Antwerp Reports Declines in Volume in April
Like most ports around the world, the Port of Antwerp, Europe's second-largest port, reported that total freight volumes fell in April due to the coronavirus’ impact on global trade. The decline in April erased a four percent gain the port had experienced in the first quarter resulting in a nearly flat year-over-year comparison with the first four months of 2019.
Commenting on its outlook, the port of Antwerp said that the consequences of canceled sailings would continue to affect the port’s volumes for the remainder of the second quarter. However, in the announcement of April results, the port also highlighted that it had experienced a strong increase in empty boxes bound for China, which it said is a sign of recovery in production.
Antwerp’s container volume was down in April reducing the port’s 9.5 percent gain for container volume in the first quarter to a total increase of just over 6 percent for the four months in 2020.
Other segments of the cargo business are experiencing more significant declines. For example in breakbulk, with steel as the most important product, Antwerp experienced a sharp drop of nearly 16 percent in April and nearly 30 percent overall in 2020, which is attributed to the disruptions to trade from the coronavirus.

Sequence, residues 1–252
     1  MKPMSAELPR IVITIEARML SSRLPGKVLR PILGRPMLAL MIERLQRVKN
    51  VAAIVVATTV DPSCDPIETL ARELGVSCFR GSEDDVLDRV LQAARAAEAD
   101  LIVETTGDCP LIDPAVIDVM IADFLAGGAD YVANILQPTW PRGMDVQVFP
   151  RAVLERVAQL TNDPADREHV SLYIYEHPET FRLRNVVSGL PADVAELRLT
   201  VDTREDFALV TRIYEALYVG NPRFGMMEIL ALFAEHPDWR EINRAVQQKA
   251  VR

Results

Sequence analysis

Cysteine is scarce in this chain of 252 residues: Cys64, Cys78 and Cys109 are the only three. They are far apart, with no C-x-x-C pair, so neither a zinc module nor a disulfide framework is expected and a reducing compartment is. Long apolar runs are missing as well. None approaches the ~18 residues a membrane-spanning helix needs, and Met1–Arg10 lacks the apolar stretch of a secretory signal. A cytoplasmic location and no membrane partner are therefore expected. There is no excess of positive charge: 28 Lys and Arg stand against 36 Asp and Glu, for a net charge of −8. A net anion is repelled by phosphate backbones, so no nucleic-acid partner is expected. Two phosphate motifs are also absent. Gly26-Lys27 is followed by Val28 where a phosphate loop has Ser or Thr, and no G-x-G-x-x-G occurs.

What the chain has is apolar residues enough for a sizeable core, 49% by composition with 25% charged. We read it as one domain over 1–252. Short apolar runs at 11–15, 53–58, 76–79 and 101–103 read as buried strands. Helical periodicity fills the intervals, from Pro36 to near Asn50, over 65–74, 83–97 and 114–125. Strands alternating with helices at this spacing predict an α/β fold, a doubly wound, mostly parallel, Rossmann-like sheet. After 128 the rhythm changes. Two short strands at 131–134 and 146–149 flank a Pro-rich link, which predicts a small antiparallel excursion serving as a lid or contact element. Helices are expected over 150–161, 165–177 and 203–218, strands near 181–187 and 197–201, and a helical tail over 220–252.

Similarly, due to the lack of production in the automotive industry, there were no imports of new cars from Asia, and exports of European cars were also at a standstill. The port’s total ro/ro volume was down by more than 16 percent in the January-April period, which the port attributed to a standstill in the second-hand car market.
In the dry bulk category, Antwerp reported little demand for coal due to the mild winter and the shutdown of the steel industry, while volumes in the liquid bulk sector were down by over two percent mainly due to the lower demand for oil derivatives.
As Europe's second-largest port, the Port of Antwerp serves more than 300 lines to over 800 destinations. The Port of Antwerp annually handles around 238 million tons of international maritime freight and is home to Europe's largest integrated chemical cluster.